In coming up with a counter trade, Goldman said that Anderson is an intriguing piece for Minnesota, and that he’d think of giving up Dieng and Kevin Martin, who the Wolves have been trying (and failing) at getting rid of, due to his $7.4 player option for next year. That trade would be interesting, giving the Pelicans some shooting as well as Dieng, but Goldman said he’d probably pass on that trade too, and I think Demps would as well. In the end, Holiday doesn’t make a homerun reload-not-rebuild trade work here which probably shows why the team will end up keeping him.

 

5 Comments

  1. Jimmy Lee Dobbs

    February 17, 2016 at 3:34 pm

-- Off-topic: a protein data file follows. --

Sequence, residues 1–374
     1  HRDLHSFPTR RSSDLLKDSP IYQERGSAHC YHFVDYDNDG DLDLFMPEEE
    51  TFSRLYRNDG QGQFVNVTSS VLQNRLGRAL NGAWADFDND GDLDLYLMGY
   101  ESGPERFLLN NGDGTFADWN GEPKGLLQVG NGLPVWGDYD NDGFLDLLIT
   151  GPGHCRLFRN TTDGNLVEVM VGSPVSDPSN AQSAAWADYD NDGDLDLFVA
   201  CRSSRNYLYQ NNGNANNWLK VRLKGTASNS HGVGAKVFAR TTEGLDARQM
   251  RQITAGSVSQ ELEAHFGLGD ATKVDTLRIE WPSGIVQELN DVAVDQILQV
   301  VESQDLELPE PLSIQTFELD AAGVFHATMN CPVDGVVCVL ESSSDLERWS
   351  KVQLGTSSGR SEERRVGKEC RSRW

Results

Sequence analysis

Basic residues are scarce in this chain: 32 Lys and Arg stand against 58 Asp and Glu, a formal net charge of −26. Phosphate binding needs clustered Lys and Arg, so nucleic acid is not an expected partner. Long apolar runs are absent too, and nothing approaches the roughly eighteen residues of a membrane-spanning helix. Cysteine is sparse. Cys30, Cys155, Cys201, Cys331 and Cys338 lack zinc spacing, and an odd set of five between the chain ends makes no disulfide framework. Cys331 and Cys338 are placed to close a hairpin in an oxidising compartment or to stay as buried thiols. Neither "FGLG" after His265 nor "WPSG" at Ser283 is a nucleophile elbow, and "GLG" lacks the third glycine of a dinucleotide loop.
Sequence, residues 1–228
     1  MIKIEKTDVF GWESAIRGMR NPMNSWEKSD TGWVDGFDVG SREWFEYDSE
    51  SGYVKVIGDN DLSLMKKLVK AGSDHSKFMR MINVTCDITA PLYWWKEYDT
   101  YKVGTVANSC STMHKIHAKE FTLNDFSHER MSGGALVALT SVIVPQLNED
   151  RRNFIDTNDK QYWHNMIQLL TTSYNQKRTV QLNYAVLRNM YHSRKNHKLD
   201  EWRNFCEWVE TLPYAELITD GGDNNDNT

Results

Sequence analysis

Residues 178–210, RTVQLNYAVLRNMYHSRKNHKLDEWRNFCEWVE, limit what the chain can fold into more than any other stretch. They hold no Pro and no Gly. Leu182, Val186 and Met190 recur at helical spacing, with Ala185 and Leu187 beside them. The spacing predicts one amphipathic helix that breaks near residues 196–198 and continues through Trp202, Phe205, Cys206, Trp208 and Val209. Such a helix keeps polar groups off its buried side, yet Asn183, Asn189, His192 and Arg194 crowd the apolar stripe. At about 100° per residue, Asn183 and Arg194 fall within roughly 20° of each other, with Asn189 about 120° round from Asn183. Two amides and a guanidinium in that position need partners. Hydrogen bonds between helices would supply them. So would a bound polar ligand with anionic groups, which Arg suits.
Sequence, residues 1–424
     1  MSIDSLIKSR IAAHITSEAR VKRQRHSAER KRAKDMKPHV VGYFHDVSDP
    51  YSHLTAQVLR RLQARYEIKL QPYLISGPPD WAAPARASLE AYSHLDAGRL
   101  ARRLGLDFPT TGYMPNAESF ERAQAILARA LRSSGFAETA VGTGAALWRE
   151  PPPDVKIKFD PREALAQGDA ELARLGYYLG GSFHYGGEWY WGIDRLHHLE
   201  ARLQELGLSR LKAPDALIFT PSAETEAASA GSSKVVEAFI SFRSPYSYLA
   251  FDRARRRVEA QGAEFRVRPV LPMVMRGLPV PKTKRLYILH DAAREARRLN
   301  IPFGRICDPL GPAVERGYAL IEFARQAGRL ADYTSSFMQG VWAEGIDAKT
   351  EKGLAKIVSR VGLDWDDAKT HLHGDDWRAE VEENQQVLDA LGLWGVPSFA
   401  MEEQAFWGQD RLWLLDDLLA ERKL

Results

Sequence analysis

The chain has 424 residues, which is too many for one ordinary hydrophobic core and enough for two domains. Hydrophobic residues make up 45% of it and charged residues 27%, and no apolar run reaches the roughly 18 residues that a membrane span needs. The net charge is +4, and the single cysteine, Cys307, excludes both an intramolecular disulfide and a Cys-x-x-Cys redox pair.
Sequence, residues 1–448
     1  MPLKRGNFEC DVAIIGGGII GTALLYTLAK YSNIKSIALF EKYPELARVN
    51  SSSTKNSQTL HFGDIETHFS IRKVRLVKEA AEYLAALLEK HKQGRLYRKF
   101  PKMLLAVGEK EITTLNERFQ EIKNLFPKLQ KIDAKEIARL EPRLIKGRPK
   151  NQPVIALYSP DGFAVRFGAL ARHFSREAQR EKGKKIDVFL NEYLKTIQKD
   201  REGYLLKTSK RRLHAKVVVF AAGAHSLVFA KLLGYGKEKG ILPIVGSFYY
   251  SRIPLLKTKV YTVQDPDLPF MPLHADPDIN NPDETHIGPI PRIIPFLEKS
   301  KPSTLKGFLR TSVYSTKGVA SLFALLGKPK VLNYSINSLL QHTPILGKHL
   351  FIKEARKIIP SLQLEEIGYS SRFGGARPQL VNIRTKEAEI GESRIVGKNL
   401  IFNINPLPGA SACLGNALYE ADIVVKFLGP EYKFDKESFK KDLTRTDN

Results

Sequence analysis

The Pels are not trading Jrue so this article don’t nothing anymore.

  2. ChristopherRomaguera

    February 17, 2016 at 5:10 pm

    You can still learn something about the trade market and what the team is doing by seeing what is available.

  3. Jimmy Lee Dobbs

    February 17, 2016 at 5:43 pm

    Jimmy Lee Dobbs *I meant this article is about nothing anymore

  4. dschmid4

    February 17, 2016 at 9:10 pm

    Trade articles are 99% hot air. Not say that they cant be thoughtful and well put together. Like this one. But if you think youre likely to be reading something that might actually happen… You’re foolimg yourself. Jrue is not going anywhere. If for no ther reason than it would make lok bad (worse). But what if he did? Is still an interesting question.

  5. ChristopherRomaguera

    February 17, 2016 at 9:17 pm

    I agree. Which is why I brought in writers from other teams. I also wanted to show people how even if the Pels did trade Holiday, they weren’t getting a star. (As well as what a rebuild would look like in the case of the Burks/Burke trade